Montana Media: The 50th Anniversary of Thunderbolt and Lightfoot

Thunderbolt and Lightfoot


Hollywood in the 1970 was an era characterized by a vogue for gritty realism, jacked-up rebellion (often unsuccessful), fast cars, and Clint Eastwood. Thunderbolt and Lightfoot, released in 1974, has all of it, and Montana. Fittingly for a picture styling itself as a “contemporary” Western, it was shot entirely on location in the Treasure State, specifically in Great Falls and the surrounding region. In commercial terms it was a modest though not spectacular success (something Eastwood blamed on the ad campaign from United Artists), but in the years since its release it has achieved an appreciative cult following. The movie’s appeal is three-fold: the buddy comedy chemistry between the two leads, the chaotically exciting car chase sequences, and the unique flavor granted by its authentic Western locations. On the fiftieth anniversary of its release, it’s worthwhile to turn an eye toward said locations.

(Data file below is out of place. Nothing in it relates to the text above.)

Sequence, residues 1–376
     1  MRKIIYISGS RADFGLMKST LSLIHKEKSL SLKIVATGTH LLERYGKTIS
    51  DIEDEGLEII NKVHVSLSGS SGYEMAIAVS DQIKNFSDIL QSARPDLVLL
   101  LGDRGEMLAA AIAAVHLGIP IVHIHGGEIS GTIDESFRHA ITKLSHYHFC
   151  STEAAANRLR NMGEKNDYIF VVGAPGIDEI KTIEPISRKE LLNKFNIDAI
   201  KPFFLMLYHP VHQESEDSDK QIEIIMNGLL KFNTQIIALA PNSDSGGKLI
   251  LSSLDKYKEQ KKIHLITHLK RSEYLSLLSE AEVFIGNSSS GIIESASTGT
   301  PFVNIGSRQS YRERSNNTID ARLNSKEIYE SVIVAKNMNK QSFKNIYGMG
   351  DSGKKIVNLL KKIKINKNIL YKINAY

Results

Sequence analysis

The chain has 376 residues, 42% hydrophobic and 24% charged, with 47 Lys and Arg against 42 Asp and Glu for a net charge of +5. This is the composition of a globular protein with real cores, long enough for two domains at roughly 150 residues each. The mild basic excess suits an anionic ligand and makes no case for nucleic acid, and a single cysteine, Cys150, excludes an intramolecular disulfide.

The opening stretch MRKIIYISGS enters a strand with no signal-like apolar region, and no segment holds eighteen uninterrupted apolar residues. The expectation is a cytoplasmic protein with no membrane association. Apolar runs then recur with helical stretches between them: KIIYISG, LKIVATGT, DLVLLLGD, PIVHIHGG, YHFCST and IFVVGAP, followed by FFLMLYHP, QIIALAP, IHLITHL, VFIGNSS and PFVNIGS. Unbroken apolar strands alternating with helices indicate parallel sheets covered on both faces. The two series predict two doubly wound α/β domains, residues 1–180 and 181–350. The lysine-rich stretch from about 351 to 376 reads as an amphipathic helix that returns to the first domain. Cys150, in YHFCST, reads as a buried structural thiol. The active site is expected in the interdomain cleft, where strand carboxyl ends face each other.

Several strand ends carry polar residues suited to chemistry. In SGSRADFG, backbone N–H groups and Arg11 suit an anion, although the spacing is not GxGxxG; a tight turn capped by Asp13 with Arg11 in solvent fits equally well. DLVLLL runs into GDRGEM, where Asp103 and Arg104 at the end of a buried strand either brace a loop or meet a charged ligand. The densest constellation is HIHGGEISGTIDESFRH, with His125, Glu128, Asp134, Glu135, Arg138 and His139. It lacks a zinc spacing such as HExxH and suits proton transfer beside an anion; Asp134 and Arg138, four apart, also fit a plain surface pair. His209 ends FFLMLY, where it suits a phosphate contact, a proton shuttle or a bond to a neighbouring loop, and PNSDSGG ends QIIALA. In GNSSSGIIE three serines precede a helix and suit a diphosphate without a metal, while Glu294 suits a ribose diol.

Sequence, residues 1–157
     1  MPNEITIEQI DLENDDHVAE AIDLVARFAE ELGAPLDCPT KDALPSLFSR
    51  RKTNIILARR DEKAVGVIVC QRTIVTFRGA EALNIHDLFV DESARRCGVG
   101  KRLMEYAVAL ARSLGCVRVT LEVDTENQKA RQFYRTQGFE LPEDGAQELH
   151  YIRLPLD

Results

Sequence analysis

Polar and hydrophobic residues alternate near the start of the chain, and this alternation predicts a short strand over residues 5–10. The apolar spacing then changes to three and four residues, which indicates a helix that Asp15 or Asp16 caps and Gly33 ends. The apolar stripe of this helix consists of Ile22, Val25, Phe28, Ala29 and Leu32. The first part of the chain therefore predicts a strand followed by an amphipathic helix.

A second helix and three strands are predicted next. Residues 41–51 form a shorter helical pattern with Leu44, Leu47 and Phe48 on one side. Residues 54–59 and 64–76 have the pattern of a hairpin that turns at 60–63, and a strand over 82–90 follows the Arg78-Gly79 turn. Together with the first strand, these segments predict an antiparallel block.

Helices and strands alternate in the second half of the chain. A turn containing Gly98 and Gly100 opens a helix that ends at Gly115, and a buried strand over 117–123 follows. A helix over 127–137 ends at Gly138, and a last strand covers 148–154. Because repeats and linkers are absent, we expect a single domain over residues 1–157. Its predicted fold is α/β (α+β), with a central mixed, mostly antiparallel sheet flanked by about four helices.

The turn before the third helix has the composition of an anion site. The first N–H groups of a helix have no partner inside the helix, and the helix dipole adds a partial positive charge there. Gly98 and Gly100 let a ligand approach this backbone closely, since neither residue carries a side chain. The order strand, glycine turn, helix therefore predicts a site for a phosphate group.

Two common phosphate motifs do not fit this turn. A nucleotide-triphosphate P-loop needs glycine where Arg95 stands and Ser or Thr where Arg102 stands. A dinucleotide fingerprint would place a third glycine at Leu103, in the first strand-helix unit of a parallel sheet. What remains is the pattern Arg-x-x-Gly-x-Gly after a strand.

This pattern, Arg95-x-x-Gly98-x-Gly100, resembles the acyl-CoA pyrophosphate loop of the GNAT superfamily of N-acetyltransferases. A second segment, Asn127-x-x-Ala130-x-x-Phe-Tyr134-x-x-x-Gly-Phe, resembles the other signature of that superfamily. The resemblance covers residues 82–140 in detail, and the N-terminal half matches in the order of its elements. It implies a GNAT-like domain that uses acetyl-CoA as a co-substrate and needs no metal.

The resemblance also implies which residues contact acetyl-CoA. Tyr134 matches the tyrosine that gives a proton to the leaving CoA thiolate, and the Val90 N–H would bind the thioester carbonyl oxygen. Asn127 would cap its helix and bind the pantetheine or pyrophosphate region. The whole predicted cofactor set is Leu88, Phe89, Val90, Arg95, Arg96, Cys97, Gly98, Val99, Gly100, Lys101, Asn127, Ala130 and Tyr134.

The plot centers around two outlaws, Thunderbolt (Clint Eastwood), an experienced bank robber turned occasional preacher, and Lightfoot (Jeff Bridges), a footloose young drifter who just can’t fit into regular life (Bridges’ role in Rancho Deluxe the following year feels like a continuation of Lightfoot in many ways). They meet by accident during a car theft and find themselves teaming up largely due to convenience before taking a liking to each other’s company. Thunderbolt is trying to escape from his former partners in crime, Red (George Kennedy) and Eddie (Geoffrey Lewis), but they want the hidden loot from a successful bank robbery he stashed but never claimed. Unable to simply go to the cache, a one-room schoolhouse that was subsequently relocated, a new bank job is offered. Will the job go off without a hitch and will Thunderbolt and Lightfoot ride off into the sunset?